Clingy Child: What to Do When Your Kid is Suffering Separation Anxiety

sad son hugging his mother
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The first day of school is never easy on kids, especially the younger ones, the first timers. Your child may cling hard to you, throw a tantrum, or push away teachers so you won’t leave them. As much as this is a terrible experience for both of you, believe it or not, it’s only natural for kids to behave this way. Remember, this is a totally new experience for them. From being with you all day for years and then one day, being far from you, placed in a different environment with different people, there’s really no surprise that they’re experiencing some real, hardcore anxiety. But while separation anxiety is understandable, that doesn’t make it easy to deal with. If school time has become a bitter, dreadful time for your child, here’s how to make it a little less terrible:

Give them a comfort object.

As mentioned, the reason kids get separation anxiety is school isn’t familiar to them. You are what’s familiar to them, and the fact that you’re going away adds to their feeling of uneasiness. The good news is, even if you can’t be with them, you can leave them with something familiar. Like for example, their tiny toy or favorite hanky. Psychologists call these security/comfort objects. When kids hold on to this stuff, it puts them at ease, making the transition to school a lot less difficult. Over time, as your child becomes more familiar with the daily grind at the daycare, Salt Lake City-based psychologists say that your child will eventually outgrow the need for comfort objects.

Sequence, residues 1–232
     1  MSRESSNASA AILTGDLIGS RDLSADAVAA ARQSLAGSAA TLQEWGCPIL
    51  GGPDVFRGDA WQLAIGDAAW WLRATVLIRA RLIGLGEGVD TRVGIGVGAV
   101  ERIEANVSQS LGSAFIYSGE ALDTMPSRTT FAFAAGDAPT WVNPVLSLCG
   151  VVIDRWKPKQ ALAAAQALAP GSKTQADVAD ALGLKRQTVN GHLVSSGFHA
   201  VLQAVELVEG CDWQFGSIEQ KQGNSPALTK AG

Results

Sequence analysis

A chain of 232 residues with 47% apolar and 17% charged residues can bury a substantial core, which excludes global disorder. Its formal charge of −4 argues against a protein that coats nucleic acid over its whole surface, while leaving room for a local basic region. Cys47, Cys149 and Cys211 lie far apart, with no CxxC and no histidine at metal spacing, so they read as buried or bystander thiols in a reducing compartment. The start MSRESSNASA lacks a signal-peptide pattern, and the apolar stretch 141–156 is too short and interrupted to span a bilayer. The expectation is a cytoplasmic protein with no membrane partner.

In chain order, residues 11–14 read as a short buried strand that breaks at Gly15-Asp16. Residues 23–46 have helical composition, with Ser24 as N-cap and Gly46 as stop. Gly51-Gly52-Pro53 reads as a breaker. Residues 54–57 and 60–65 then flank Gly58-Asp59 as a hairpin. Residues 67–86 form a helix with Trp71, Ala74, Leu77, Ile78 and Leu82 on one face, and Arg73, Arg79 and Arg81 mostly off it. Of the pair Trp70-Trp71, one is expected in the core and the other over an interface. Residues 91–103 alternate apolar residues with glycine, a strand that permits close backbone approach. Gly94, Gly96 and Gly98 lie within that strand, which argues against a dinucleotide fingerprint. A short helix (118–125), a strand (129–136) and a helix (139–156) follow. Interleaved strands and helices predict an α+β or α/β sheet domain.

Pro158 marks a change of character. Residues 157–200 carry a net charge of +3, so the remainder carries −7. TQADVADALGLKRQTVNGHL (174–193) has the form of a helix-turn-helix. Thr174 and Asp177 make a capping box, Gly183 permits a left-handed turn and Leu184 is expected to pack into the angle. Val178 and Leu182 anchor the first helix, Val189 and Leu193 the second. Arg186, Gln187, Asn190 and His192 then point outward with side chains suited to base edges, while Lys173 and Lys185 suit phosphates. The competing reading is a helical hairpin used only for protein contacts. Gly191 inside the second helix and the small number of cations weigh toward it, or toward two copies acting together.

Say a proper goodbye

father dropping off her daughter to school

One of the worst mistakes you can do when easing separation anxiety is not giving your child a proper goodbye. Parents neglect this part because they fear that their son or daughter will be all the more upset. But the fact is, when you don’t say goodbye, they will expect that you’ll stay (or at least be begged to stay) further. And so, the bargaining and throwing of tantrums begin. So rather than skipping the goodbye, do it. Do it firmly. It will give them a sense of finality, prompting them to shift their focus from what you would do to what they should do, which is to go to class. Do note that goodbyes need not be dramatic. It can be fun, in fact. Do a special handshake or give them a high five. These gestures may be simple and quick, but it will help them come to terms with you leaving and them going to class.

Work with the teacher.

Pre-school teachers are trained and experienced in handling separation anxiety situations, but it’s important to work with them closely. It helps to give them a heads up about your child’s favorite games, songs, or colors, so they can adjust the classroom environment or come up with activities that capture the interest of your kid. Discuss with them calming techniques that you and your spouse use when your son or daughter is anxious. This way, the teacher can do the same and your child will be able to experience a sense of familiar comfort.

Dealing with Separation Anxiety

It’s a real struggle to manage separation anxiety among kids. But you can very well ease their stress and in fact, help them thrive in school by doing routines that address the root of their negative emotions. Keep in mind these strategies the next time you drop them at the daycare.

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